Women and the Arab Spring

This article examines the role of women in Egypt's Arab Spring revolution. It pushes back against dominant Western narratives that Nadine Naber describes as culture-blaming or religion-blaming, which often view Islam as the source of women's oppression in Muslim-majority states. Naber examines women's leadership in Egypt during this time, and how they worked to develop the logic of human rights and women's rights in their own national and political context.

Women are at the heart of every social movement that happens in Egypt and in the Arab world. There is a portrayal of Arab women as submissive or downtrodden...people ask us, what will happen to women’s rights if the revolution succeeds? We say, it can only get better...We’ll sort out our own differences. —Ahdaf Soueif, world-renowned Egyptian novelist

Dominant human rights frameworks tend to define women’s human rights in terms of individual political rights, a framework that prioritizes legal and rights-based claims and the cause of women’s equality under the law. As a result, rights related to economic and social justice are deemed secondary concerns at best. For women of the global south or women of color in the U.S. context, an additional problem exists. Human rights frameworks developed in the global north often rely on “culture-blaming,” defining culture or religion as though they exist in the abstract, outside historical circumstances, and explaining culture or religion (i.e., Islam) as the cause of women’s oppression. When it comes to addressing gender and human rights issues in Muslim majority societies, dominant U.S. feminist analyses often engage in “culture-blaming.” Consider for instance, the period following the attacks of September 11, 2001, when feminist organizations such as the Feminist Majority supported the Bush administration’s invocation of “Muslim women’s oppression” as a pretext for military intervention in Afghanistan, despite the devastating impact of military invasion on Afghan women.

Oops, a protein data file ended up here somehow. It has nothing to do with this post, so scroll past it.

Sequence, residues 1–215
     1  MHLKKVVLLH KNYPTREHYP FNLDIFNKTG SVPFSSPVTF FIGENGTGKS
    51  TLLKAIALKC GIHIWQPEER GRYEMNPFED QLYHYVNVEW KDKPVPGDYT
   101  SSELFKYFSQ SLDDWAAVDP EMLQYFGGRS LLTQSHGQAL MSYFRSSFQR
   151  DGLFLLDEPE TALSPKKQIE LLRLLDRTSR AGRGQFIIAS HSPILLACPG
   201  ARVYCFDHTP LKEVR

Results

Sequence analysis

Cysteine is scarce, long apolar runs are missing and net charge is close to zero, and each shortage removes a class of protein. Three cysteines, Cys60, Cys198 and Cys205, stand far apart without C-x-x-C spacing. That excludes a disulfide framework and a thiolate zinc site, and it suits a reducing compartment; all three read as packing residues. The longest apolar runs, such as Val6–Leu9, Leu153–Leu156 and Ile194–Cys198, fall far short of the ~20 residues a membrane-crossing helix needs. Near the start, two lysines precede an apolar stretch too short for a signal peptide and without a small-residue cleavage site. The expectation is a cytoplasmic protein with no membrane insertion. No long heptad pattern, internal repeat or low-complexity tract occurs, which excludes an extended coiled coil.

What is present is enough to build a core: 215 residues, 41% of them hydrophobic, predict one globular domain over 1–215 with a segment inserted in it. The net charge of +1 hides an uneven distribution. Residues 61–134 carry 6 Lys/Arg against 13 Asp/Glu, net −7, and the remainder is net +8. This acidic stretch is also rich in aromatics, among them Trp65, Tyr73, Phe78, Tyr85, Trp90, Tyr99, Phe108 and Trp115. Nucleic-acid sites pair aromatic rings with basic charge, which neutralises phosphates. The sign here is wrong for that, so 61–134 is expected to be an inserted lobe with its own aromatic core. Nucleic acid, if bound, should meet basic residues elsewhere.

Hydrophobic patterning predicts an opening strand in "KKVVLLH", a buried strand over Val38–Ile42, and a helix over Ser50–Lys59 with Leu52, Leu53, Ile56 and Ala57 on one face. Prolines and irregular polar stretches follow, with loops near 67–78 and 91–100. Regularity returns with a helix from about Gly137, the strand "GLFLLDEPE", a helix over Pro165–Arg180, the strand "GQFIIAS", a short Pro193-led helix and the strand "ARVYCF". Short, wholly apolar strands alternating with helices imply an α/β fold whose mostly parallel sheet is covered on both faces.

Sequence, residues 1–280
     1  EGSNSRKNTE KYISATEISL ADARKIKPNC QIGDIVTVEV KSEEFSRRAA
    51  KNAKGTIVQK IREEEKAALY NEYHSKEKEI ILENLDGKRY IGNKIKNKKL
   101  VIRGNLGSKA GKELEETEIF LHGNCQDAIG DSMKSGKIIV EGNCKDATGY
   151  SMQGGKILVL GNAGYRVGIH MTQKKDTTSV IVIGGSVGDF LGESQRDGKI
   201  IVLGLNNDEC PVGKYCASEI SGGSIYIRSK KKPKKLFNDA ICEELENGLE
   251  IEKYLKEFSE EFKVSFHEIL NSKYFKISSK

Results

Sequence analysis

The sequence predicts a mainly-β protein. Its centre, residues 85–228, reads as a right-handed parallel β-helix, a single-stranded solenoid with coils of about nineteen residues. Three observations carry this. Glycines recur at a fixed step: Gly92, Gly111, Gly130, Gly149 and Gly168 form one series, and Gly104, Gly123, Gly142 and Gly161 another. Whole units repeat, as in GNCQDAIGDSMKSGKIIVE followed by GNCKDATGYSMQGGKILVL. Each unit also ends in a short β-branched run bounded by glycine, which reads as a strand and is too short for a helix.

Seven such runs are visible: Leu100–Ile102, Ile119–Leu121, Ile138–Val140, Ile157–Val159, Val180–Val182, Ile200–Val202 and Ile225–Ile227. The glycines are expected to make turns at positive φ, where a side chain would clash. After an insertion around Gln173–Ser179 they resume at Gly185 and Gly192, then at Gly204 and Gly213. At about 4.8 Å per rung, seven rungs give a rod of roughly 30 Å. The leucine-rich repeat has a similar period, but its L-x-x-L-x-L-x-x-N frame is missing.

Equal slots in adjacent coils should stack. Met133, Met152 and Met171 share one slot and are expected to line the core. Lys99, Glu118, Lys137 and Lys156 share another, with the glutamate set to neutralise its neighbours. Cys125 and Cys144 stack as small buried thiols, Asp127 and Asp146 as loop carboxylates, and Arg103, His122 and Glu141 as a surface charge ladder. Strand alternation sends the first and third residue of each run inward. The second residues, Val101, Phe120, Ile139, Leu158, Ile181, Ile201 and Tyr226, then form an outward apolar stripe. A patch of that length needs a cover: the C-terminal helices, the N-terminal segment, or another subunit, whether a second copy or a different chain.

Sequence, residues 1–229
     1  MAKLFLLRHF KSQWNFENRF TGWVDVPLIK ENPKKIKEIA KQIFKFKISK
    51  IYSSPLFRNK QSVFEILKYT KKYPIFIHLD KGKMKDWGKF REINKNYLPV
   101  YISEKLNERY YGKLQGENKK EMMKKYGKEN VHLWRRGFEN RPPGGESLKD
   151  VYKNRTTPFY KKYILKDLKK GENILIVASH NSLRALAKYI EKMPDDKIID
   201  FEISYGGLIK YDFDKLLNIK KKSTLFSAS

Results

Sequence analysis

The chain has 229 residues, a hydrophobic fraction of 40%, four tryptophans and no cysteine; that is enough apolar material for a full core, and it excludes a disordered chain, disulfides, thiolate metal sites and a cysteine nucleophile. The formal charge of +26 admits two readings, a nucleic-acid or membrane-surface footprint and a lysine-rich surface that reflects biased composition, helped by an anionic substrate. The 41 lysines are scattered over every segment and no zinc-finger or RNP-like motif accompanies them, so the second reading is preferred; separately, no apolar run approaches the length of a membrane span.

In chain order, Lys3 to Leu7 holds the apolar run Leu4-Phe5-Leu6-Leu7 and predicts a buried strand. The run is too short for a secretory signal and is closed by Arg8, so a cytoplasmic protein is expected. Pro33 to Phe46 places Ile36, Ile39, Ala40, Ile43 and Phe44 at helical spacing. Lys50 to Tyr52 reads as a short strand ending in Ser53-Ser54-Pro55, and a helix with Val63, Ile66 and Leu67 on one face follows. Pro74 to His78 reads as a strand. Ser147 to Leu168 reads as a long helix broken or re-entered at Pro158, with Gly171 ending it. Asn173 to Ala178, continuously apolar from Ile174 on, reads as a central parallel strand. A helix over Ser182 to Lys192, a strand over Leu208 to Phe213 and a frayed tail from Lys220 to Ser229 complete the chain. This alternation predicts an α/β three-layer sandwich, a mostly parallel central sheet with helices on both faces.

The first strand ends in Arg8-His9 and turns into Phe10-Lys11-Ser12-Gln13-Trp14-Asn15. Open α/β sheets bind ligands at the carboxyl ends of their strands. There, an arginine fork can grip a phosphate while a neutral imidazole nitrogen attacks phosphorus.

Such feminist frameworks in relation to Arabs, Iranians, Muslims, and/or the Middle East developed out of long-standing European Orientalist images of hyper-oppressed shrouded Arab and Muslim women who need to be saved by American heroes; and of Muslim societies that need to be modernized—even if it meant through U.S. military violence. Instances of such representations can be found in the media, on the internet, in classrooms, and on the streets.

The Egyptian revolution revealed how women in Egypt are redefining the most crucial human rights issues which impact their lives. While their stories do not represent the entire Arab, Muslim, or Middle East regions, they provide us with a look into gender and human rights from the ground up and illustrate the urgent need for a broader analysis of gender and human rights in Muslim majority societies.

Poverty and State Repression